Selena Gomez is eager to grow -- and to grow up -- as an actress.
But that doesn't have to mean cutting all ties from the kid-friendly TV series that made her who she is.
As proof, Gomez is doing both.
First, the 20-year-old North Texas native reprises her Disney Channel Wizards of Waverly Place role as Alex Russo one more time. The Wizards Return: Alex vs. Alex, a one-hour special that reunites the cast of the hit 2007-2012 comedy, premieres at 7 p.m. Friday.
Then, the next Friday, Gomez can be seen on the big screen in the R-rated Spring Breakers, in which four bikini-clad college coeds finance a week of spring break bacchanalia with a crime spree.
Her off-again, on-again, off-again romance with Justin Bieber makes national headlines, and she's on the cover of Harper's Bazaar this month.
Meanwhile, she's about to release a new album, her fourth, and will follow up with a music tour. That's the very definition of variety.
We talked with Gomez last week about these new highlights in her career.
There are many former stars of Disney and Nickelodeon shows who seem to be in a rush to distance themselves from the shows that made them famous. You don't feel that way, do you?
You're absolutely right. This show and this channel, they're the people who gave me everything. They're the ones who believed in me from the beginning, and they're my family. So it was fun to come back and do this for the fans.
The plot involves your character trying to prove she's more than just a carefree young wizard. She conjures a spell that inadvertently splits her in two -- a Good Alex and Evil Alex -- and they ultimately do battle atop the Tower of Pisa. What appealed to you about this?
We have done a lot of specials and we've fought vampires, we've fought werewolves, we've fought angels. We've fought all these different kinds of creatures. But we've never really had something like this happen to the family. So I thought it was completely interesting. It was going to be a lot more work for me, of course, with the double roles, but it was completely worth it and it was completely fun.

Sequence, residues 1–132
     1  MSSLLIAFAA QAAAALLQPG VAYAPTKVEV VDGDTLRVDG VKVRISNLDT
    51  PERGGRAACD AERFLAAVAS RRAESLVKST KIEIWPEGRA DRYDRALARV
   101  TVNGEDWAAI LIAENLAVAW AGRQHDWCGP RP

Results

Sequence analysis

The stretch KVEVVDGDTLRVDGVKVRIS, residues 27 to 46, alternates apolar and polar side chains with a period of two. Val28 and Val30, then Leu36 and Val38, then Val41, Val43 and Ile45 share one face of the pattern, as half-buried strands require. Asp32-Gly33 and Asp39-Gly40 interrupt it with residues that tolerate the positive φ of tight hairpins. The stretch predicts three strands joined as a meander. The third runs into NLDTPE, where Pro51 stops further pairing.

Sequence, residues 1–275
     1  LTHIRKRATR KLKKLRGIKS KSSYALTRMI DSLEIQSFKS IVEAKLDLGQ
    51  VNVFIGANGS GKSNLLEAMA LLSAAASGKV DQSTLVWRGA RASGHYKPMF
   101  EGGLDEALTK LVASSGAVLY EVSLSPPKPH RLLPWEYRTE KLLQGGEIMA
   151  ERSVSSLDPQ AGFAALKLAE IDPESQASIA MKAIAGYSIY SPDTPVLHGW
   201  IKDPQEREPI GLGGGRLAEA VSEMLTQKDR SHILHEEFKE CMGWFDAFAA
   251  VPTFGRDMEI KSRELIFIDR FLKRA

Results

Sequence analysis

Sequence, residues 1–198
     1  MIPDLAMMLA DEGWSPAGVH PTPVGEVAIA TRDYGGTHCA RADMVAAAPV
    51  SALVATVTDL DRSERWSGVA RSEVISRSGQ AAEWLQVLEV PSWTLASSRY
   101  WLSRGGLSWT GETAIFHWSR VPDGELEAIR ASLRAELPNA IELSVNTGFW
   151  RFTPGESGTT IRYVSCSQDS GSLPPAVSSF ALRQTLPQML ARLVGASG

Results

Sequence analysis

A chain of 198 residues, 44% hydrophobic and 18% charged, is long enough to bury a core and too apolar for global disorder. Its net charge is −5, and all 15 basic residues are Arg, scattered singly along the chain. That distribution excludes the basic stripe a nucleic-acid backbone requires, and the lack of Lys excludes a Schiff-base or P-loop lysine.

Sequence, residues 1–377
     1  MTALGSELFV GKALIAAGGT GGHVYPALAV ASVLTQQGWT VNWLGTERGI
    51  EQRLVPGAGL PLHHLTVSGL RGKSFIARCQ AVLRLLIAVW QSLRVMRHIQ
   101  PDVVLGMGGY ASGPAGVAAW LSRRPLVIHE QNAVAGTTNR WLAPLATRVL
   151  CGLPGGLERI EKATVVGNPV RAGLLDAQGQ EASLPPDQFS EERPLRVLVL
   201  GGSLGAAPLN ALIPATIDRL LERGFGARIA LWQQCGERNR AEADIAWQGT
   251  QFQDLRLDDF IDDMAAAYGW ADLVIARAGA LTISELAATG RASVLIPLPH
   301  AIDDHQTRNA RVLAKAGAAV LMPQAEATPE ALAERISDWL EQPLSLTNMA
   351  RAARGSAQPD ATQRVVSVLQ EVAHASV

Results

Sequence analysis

Which is more fun to become: Good Alex or Evil Alex?
Evil Alex is more fun. I'm so used to be playing the version of Alex that is kind of a little of both. So I've grown accustomed to not making her so mean. Then they wanted her to be really mean. I mean, REALLY mean. Sometimes that threw me. But it was fun to see how far I could go with it.
Is there a lot of Alex in you and a lot of you in Alex?
I kind of grew up with Alex. When we started, Peter Murrieta, one of the executive producers, would listen to the stories that I told about my personal life, being preteen and dealing with aspects of growing up, and he applied it to my character and tapped into the things I was going through.
It's interesting timing that the Wizards special precedes Spring Breakers by just one week. It almost signals that you're entering a new chapter in your career, don't you think?
Spring Breakers wasn't necessarily about me going to the other extreme. I was looking to do something that would challenge me. When I read the script, it was actually originally this little indie movie. And to have the opportunity to work with someone like [director] Harmony Korine and [co-star] James Franco was a dream to me. It was one of the best things I've ever been a part of. I think it really helped me grow and learn a lot as an actor.
What's the next big thing for you?
I did three movies this past year and now I'm doing music. I'm actually about to release my fourth record and do a tour. That's what's really going to be up next for me.
Any plans to do more Wizards specials in the years to come?
I think this will be it. I mean, I know I said that the last time. But I don't think our characters have anywhere else to go after this. So I think this might be it. Never say never, of course. But I definitely feel like I've played this out. And it's refreshing and liberating to play other characters. I'm enjoying that.